Grape Harvest Jam

We planted a row of both purple and white grapes across the entire back of our property here in Umbria over the winter and since this was their first year of life in order to establish stronger plants my husband cut off all the grapes except two bunches per plant. We anxiously watched throughout the summer as they ripened looking forward to tasting our first grapes, but unfortunately it seemed the local birds were also watching because as soon as those grapes began to ripen we had to race to pick and eat the grapes before they did.

At one point tired of watching the birds devour our lovely grapes, we simply cut all the ripened purples grapes off the vines and brought them inside the house. Looking at this huge basket full of grapes I decided I would make grape jam since we certainly couldn’t eat them all before they spoiled.

Although we do have three different varieties of purple grapes, the ones I used for the jam were tiny small ones that are especially sweet and delicious. I am not sure of the exact variety, but they resemble Concord grapes in color but are smaller in size so I would recommend using Concord grapes for this jam.

I prefer not to use pectin if I can get away without it and found this jam cooked up nicely and became quite thick without the pectin. I must say that although I am not normally a fan of store bought grape jelly, I love the flavor of this jam.

One variety of our grapes just ready to pick!

Buon Appetito!
Deborah Mele 

Grape Harvest Jam

Grape Harvest Jam

Yield: Makes 6 (Half Pint) Jars
Prep Time: 15 minutes
Cook Time: 1 hour 15 minutes

An intensely grape flavored jam that can be used for everything.


  • 5 Pounds Concord Grapes, Stemmed
  • 5 Cups Sugar
  • Juice From One Large Lemon


  1. Clean and wash the grapes.
  2. In a heavy stock pot, stir together grapes, lemon juice, and sugar and boil over moderate heat, stirring frequently and skimming foam, until pulp is broken down, about 20 minutes.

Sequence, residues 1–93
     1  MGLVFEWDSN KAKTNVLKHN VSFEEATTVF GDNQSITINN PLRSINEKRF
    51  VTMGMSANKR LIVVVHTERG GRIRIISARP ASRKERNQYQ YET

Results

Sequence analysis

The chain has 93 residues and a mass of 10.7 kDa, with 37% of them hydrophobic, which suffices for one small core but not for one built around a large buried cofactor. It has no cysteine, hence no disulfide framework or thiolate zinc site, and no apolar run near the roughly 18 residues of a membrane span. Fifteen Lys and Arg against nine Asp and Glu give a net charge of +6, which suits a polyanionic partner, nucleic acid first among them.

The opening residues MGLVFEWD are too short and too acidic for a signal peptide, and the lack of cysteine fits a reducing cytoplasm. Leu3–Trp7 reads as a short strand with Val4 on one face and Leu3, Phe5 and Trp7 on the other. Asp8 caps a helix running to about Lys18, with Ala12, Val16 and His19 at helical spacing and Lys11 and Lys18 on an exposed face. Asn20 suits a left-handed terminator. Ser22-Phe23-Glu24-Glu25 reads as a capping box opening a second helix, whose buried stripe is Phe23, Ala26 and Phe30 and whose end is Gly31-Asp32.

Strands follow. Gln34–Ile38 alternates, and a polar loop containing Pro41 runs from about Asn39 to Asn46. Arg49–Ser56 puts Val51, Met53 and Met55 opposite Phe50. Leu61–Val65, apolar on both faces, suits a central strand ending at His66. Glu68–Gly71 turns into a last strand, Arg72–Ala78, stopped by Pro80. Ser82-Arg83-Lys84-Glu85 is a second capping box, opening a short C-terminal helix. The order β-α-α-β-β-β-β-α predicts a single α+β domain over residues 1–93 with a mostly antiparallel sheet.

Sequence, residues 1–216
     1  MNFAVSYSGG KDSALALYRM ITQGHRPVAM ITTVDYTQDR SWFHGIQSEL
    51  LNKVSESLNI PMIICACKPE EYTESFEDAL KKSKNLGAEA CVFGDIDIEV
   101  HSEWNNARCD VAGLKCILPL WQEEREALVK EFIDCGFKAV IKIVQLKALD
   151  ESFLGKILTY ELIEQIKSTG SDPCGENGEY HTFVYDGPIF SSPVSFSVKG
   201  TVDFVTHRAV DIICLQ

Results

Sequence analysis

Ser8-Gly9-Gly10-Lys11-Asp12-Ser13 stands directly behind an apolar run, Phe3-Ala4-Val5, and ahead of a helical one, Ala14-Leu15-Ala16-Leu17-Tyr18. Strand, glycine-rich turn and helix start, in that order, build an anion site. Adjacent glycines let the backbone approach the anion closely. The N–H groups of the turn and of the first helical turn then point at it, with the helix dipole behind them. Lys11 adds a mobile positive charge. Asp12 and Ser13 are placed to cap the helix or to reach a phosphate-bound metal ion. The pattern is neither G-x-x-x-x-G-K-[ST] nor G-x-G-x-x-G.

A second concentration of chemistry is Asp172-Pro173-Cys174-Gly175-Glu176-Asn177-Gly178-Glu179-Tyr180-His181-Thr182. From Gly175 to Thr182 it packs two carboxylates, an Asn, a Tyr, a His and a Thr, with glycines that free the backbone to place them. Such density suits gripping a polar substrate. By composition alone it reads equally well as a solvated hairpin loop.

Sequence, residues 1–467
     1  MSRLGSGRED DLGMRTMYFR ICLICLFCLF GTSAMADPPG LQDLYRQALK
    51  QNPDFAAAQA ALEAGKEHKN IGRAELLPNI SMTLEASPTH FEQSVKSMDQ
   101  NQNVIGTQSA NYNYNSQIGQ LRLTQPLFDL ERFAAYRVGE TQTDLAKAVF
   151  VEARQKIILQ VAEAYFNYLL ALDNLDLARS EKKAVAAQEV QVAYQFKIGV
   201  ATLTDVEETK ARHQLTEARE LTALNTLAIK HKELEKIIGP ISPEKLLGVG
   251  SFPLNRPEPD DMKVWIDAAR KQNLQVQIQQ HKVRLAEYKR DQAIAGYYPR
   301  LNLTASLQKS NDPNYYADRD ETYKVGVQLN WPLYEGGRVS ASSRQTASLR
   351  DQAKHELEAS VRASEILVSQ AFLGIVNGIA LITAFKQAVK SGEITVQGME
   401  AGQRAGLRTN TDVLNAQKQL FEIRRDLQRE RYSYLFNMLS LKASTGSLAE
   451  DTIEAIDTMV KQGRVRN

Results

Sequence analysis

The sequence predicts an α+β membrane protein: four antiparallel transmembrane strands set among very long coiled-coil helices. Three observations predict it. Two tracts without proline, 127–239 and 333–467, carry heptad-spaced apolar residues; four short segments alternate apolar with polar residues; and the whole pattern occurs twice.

3. Force jam through food mill set over a large bowl to remove skins and seeds.
  4. Return jam to pot and cook at a slow boil, skimming foam occasionally and stirring frequently as mixture thickens to prevent scorching, 35 minutes, then test for doneness.
  5. You can test for doneness by dropping a teaspoon of jam onto a chilled plate and then tilt it. (Jam should not run but remain thick. If it hasn't set continue to cook in a slow boil and test every 5 minutes or so until set.)
  6. Pour the jam into hot, sterilized jars leaving 1/4 inch of air space, and then top with lids (also sterilized).
  7. Put sealed jars on rack in canner or pot and add enough water to cover by 2 inches.
  8. Bring to a boil, covered, then boil 10 minutes.
  9. With tongs, transfer jars to a towel-lined surface to cool.
  10. As they cool, you may or not hear a ping but the important thing is that the top of the jars remain concave.
  11. Store in a cool, dark place.
  12. The jam will thicken as it cools.
  13. Let jam stand in jars at least 1 day for flavor to develop.
  14. This jam will keep in sealed jars in a cool dark place for 6 months.

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